What you mention in another Letter of Preston’s case is what I have thought much upon and Gen Gage has hinted to me but upon my answer to him seemed to doubt the practicability of it.4 The law of the Province makes special provision for the Establishment of Prisons but does not give the least colour for making the Castle a Prison. Would not it be taking a prisoner out of the Custody of the Law? If there should be any extrajudicial proceeding and any thing very bad happen in the execution of it or consequent upon it how would those concerned ever be able to answer it? If there should be occasion, I hope there will not, to consider of the expediency of the measure I will consult the Judges who are all well disposed. Nothing which can be done will be omitted.

    I have stated the case of Preston as it now stands in a letter to Gen Gage and sent a Copy of my Letter to My Ld Hillsborough.5 I was mistaken in the time of the beginning of next term which used to be the 2d Tuesday in March but is now altered to the 3d Tuesday in February which will straiten us more in point of time. I will cover another Copy to you which you will keep to yourself & only use it for promoting the design of it and with the greatest expedition if it be a practicable measure. I am with sincere regard Your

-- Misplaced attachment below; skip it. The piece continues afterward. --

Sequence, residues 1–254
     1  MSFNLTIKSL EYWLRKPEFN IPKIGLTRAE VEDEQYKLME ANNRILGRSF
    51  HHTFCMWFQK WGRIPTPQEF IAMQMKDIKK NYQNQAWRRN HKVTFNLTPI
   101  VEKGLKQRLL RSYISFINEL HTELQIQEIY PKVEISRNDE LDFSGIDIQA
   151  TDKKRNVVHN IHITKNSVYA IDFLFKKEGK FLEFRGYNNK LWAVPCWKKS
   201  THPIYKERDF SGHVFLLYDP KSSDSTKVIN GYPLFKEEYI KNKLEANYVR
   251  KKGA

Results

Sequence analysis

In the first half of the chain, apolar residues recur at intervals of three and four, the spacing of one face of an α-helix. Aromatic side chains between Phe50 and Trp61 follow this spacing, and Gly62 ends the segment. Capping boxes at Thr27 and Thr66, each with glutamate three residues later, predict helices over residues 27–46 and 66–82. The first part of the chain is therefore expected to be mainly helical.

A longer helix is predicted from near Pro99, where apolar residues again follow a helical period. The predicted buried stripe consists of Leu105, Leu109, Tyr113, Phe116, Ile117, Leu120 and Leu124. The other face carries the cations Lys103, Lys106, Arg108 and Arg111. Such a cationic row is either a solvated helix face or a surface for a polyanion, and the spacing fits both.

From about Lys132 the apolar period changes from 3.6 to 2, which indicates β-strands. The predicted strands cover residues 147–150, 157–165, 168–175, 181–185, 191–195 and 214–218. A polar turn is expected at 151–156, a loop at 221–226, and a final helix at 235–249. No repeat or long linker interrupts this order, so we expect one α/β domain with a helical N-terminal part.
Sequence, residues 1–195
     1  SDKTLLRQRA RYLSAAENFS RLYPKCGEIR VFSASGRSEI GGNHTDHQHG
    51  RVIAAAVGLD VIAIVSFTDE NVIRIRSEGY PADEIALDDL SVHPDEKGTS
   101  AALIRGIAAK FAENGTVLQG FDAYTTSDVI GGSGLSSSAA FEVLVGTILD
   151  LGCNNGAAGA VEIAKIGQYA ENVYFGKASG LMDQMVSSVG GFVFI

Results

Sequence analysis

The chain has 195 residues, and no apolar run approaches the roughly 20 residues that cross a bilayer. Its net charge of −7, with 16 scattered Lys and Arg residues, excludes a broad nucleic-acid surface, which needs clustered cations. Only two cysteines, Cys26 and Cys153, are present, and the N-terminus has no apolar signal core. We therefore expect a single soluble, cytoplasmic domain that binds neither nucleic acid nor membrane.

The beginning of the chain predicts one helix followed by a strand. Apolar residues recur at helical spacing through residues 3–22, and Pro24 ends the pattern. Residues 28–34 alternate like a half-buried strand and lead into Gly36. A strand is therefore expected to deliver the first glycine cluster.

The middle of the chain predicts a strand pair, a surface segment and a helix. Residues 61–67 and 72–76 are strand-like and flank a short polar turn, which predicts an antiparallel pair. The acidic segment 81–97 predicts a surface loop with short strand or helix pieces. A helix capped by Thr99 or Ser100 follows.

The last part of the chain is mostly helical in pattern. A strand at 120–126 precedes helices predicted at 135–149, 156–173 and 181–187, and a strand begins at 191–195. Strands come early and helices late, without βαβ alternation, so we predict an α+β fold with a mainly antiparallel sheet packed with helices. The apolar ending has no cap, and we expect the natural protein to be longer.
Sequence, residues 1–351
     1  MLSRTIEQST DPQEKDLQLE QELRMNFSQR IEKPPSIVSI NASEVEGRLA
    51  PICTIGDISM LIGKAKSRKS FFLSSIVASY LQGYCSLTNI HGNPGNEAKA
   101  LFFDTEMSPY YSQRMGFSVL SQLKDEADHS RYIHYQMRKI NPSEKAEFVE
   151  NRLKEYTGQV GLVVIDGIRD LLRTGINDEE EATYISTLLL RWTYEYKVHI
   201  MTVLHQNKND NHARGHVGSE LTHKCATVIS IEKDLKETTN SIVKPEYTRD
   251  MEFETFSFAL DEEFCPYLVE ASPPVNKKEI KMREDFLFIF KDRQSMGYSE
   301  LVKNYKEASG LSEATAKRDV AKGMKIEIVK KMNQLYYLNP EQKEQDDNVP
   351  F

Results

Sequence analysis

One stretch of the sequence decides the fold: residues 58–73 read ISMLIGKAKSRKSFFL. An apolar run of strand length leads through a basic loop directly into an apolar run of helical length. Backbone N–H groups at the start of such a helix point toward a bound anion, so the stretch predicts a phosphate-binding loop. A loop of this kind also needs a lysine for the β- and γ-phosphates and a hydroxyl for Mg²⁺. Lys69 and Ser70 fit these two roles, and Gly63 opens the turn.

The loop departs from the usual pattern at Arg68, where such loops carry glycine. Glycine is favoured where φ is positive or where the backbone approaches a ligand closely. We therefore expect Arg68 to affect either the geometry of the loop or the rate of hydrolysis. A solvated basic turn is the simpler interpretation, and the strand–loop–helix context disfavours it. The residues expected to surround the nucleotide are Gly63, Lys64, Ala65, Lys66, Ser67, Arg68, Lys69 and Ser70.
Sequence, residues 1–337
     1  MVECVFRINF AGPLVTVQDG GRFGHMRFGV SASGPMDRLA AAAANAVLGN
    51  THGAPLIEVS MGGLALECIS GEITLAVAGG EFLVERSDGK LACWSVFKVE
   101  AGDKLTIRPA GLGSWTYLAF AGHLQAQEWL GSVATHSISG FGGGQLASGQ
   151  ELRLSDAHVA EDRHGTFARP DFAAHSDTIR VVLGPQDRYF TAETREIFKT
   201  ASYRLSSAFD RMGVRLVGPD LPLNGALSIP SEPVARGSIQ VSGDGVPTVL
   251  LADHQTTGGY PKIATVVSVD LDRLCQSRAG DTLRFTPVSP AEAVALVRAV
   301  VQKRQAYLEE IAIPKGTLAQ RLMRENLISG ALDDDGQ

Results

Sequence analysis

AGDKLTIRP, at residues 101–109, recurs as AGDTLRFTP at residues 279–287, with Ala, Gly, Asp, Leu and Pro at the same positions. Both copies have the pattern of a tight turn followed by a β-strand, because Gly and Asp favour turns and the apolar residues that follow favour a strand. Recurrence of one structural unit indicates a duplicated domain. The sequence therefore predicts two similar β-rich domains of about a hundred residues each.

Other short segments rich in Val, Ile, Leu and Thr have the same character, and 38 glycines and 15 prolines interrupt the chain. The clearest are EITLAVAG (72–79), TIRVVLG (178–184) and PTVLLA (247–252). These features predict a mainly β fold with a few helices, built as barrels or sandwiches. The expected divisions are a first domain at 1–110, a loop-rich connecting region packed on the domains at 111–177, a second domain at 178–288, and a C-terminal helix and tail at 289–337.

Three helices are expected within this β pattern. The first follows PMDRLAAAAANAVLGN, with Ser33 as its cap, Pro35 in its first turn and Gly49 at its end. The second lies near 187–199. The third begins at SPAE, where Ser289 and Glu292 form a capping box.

T H

    AC (Massachusetts Archives, SC1/series 45X, 27:4–5); in WSH’s hand; at head of letter, “Gov. Bernard.”

    701. From Thomas Gage

    New York September 23d 1770

    Sir, I wish you had been able to put your first Intentions in the Execution, concerning the Tryal, and hope yet there might be time for it, notwithstanding that the Tryal is postponed, tho’ the Precaution you mean to take to guard against all Accidents, is undoubtedly the safest Method.1 But I am to acquaint you, that I know of no Deposition sent to England by my Direction, unless it might be some that were taken at the time of this unhappy Affair which I Advised Colonel Dalrymple to transmit, to corroberate the Narrative he sent of it to the King’s Ministers; And of this, the Colonel can give you the best Intelligence. And till the receipt of your secret Letter of the 12th; Instant, I never heard of any People being examined on this Subject, by a Committee of Council in England.2 This Unfortunate Affair must have given great Anxiety to you, as well as pains and trouble; And I hope every thing will be done at home to Assist you, and relieve you from a great part of the Burden. I am with very great Regard Sir, &c.

    AC (Clements Library, Thomas Gage Papers); at foot of letter, “[Lt.] Governor Hutchinson.”

    702. To Thomas Gage

    Boston 24 Septemb. 1770